Bean Machine Retrospective, part 9

I wanted to implement concise “pattern matching” in Python, a language which unlike C#, F#, Scala, and so on, does not have any pattern matching built in. Logically a pattern is just a predicate: a function which takes a value and returns true if the value “matches” the pattern, false otherwise. The code for this episode is here.

When I embarked on this I realized two things. First, that it might be nice for debugging purposes to have more information in the return value than just “true” or “false”; in particular, when a complex pattern fails to match, but it should match, then I’ve made a mistake. In order to debug that mistake, I actually made patterns return a new type:

class MatchResult(ABC):
    test: Any
    submatches: Dict[str, "MatchResult"]
    # ... and so on, boilerplate code for the rest of this.

A complex pattern might fail because of its component patterns failing to match, and so that information is included in the failure result. I also made subclasses Success and Fail.

You know I just realized this very moment that I’ve used “Fail” as a noun here. It should have been Failure. Oh well.

Second, I realized that using functions for everything would lack concision. I didn’t want to write code like this throughout:

is_binop = lambda x: Success(x) if isinstance(x, ast.BinOp) else Fail(x)

The notion of “is this thing a binop” is captured entirely by the type BinOp already; could we just use that object where a pattern is required?

After playing around with different options I eventually landed on this type discipline:

class PatternBase(ABC):
    def match(self, test: Any) -> MatchResult:
    def __call__(self, test: Any) -> MatchResult:
        return self.match(test)

Pattern = Union[PatternBase, int, str, float, type, list, None]

A pattern base object has a match predicate which takes a test value and, moreover, may be treated as a function you can call.

Anywhere that we need a pattern, the caller may provide:

  • an instance of pattern base
  • an None, integer, float or string value; the semantics are “the pattern matches if test is equal to the given value”.
  • a type; the semantics are “the pattern matches if test is of the given type”
  • a list of patterns; the semantics are “the pattern matches if test is a list of the same length, and each list element matches the corresponding pattern”

So far we can express patterns such as

p = [ BinOp, 3, None ] 
# p matches a list of three items where the first is a binary op AST,
# the second is the number 3, and the third is the value None

But how would we express “match instances of Foo whose bar attribute is 3″? We can start by solving the more general problem of how do we match against multiple patterns? Here’s our first combinator:

def match_every(*patterns: Pattern) -> Pattern:
  # ... the implementation is tedious to make it efficient,
  # but you get the idea; we produce a pattern which succeeds if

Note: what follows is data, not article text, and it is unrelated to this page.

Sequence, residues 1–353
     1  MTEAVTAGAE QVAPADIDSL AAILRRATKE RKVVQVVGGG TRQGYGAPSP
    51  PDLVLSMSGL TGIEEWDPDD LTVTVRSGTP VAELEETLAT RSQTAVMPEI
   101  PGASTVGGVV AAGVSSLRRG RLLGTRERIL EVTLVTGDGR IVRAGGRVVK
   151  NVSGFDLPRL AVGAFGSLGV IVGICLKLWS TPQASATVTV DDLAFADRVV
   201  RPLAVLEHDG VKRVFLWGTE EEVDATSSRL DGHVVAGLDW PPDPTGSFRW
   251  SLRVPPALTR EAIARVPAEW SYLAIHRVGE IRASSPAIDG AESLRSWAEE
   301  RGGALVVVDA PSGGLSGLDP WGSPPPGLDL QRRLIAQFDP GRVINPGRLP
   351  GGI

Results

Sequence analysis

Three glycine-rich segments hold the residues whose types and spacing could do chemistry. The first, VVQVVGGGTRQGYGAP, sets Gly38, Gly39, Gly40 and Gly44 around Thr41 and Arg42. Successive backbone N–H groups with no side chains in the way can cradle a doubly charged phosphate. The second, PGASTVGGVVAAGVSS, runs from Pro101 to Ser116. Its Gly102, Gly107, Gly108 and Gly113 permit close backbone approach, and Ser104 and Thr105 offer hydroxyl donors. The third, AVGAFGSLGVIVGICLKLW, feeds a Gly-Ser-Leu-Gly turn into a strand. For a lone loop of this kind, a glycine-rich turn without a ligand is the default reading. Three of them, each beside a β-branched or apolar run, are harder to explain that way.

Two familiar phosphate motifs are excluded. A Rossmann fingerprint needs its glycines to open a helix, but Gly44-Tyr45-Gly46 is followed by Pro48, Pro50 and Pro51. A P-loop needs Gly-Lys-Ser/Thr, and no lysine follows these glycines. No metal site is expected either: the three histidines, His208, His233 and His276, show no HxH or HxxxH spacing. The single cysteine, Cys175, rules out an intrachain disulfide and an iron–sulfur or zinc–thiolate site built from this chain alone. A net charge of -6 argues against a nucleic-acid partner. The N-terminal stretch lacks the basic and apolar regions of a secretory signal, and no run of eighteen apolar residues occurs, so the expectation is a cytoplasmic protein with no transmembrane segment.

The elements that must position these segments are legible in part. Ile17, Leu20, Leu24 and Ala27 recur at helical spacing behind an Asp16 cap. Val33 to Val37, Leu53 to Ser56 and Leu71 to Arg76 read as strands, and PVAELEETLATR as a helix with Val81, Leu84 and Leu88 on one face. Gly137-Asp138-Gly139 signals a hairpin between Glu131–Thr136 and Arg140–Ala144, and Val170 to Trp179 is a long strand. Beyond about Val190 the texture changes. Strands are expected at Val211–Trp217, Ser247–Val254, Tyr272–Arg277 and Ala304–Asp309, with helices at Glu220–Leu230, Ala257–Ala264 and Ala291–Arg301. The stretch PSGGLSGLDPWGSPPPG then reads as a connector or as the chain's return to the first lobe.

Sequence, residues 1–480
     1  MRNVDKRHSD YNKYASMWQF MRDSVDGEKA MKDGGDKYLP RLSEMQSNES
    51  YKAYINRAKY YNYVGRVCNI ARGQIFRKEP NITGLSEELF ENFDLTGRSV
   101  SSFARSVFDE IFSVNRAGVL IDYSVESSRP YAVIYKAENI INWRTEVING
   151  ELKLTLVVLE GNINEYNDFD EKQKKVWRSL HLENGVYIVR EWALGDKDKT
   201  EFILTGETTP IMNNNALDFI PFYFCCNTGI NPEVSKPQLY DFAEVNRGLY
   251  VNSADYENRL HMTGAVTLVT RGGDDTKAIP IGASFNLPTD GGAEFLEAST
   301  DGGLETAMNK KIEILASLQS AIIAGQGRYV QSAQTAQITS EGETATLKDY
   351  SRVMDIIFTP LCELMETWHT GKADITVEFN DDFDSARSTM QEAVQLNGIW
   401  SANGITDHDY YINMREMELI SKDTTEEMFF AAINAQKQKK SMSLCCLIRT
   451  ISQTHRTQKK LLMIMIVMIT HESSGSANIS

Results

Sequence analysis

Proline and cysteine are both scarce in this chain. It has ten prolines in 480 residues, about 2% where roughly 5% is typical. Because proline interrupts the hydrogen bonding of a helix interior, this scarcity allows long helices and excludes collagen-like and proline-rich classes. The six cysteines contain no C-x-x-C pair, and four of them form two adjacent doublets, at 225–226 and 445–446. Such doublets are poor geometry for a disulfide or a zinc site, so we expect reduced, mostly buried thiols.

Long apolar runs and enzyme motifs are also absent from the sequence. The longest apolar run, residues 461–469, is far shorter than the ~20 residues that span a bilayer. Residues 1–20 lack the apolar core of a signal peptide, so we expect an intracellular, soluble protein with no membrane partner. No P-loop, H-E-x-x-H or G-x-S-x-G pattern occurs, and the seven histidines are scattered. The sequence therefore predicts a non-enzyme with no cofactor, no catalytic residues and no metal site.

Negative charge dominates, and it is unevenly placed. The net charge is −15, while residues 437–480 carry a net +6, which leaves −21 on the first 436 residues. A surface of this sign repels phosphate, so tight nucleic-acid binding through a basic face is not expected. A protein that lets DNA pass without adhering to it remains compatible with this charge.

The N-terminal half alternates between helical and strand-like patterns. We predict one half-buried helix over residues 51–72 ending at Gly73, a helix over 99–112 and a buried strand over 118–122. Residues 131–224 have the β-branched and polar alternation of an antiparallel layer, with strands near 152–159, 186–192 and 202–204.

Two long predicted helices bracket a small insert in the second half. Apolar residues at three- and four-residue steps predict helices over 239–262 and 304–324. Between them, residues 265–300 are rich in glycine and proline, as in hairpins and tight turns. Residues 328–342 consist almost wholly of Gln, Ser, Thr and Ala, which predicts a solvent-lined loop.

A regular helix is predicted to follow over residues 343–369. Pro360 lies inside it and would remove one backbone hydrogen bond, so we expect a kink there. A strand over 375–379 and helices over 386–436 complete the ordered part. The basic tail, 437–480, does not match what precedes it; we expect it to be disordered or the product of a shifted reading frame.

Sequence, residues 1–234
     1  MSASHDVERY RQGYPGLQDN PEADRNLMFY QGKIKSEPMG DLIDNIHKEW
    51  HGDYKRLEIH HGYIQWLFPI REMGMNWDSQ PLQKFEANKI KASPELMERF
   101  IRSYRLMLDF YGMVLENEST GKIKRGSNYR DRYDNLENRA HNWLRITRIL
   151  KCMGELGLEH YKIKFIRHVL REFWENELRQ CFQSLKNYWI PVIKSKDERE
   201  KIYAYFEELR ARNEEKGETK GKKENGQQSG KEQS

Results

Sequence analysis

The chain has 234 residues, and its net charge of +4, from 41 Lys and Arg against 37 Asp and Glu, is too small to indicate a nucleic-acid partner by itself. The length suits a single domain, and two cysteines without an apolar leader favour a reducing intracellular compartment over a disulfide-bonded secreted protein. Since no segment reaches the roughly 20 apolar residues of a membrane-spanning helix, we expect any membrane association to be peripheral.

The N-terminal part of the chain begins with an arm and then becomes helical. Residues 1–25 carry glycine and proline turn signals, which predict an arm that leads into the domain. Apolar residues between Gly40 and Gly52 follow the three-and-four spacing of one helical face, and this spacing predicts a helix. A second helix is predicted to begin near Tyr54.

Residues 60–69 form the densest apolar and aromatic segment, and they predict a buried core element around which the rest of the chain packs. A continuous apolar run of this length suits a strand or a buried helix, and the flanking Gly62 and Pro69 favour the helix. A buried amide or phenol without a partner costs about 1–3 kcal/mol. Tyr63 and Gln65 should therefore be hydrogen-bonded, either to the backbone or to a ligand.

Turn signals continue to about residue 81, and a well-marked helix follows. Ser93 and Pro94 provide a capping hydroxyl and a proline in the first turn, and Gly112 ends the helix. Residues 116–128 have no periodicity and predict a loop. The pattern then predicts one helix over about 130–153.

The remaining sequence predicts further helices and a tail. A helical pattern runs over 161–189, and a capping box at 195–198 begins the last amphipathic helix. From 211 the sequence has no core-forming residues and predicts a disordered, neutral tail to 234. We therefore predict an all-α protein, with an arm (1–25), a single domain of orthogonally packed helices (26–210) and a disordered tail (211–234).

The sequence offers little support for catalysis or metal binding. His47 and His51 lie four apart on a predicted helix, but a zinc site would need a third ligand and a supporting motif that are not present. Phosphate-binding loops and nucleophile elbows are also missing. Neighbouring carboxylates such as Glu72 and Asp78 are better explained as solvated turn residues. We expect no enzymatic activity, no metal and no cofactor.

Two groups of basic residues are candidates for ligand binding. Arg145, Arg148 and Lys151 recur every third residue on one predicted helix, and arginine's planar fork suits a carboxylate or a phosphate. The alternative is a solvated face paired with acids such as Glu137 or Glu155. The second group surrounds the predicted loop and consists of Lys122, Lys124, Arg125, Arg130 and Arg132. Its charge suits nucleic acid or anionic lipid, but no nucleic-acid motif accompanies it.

# every given subpattern succeeds, and fails otherwise.

We can solve the specific problem of matching a subpattern that is an attribute of the tested value:

class AttributeSubpattern(PatternBase):
    name: str
    subpattern: Pattern
    def match(self, test: Any) -> MatchResult:
        submatch = match(self.subpattern, getattr(test,, None))
        submatches = { submatch}
        if submatch.is_success():
            return Success(test, submatches)
        return Fail(test, submatches)
    # ...

It’s a little clunky to call AttributeSubpattern so I made a synonym function attribute as well. Notice that this class is a combinator; it takes a pattern and produces a new pattern.

And now we can make a third combinator out of the first two: I want a pattern that checks to see if an object is of a particular type, and whether it has an attribute which matches a pattern:

def type_and_attributes(typ: type, patterns: Dict[str, Pattern]) -> Pattern:
    t: List[Pattern] = [typ]
    tuples: List[Pattern] = [
        attribute(name, subpattern) for (name, subpattern) in patterns.items()
    return match_every(*(t + tuples))

And now we can say

is_addition = type_and_attributes(BinOp, {"op": Add})

Or, even better, let’s make a pattern that always matches and yet another combinator:

class AnyPattern(PatternBase):
    def match(self, test: Any) -> MatchResult:
        return Success(test)

_any = AnyPattern()

def binop(
  op: Pattern = _any, 
  left: Pattern = _any, 
  right: Pattern = _any) -> Pattern:
  return type_and_attributes(
    BinOp, {"op": op, "left": left, "right": right})

is_addition = binop(Add)

I also defined patterns or combinators for:

  • Match at least one of these patterns
  • Match the first item in a list to one pattern and the tail of the list to another
  • Match at least one item in a list to a given pattern
  • Match all items in a list to the same pattern
  • Match the opposite of this pattern
  • Helper combinators for commonly used AST nodes such as identifiers, operators, and so on.
  • And so on; you get the idea.

With these tools in my toolbox I could then rapidly create patterns such as “is any item in this list not an identifier?”

any_non_id = ListAny(negate(name()))

Patterns identify what code needs to be transformed; rules transform them. Next time on FAIC we’ll look at building a set of rules and rule combinators for concisely representing AST transformations.

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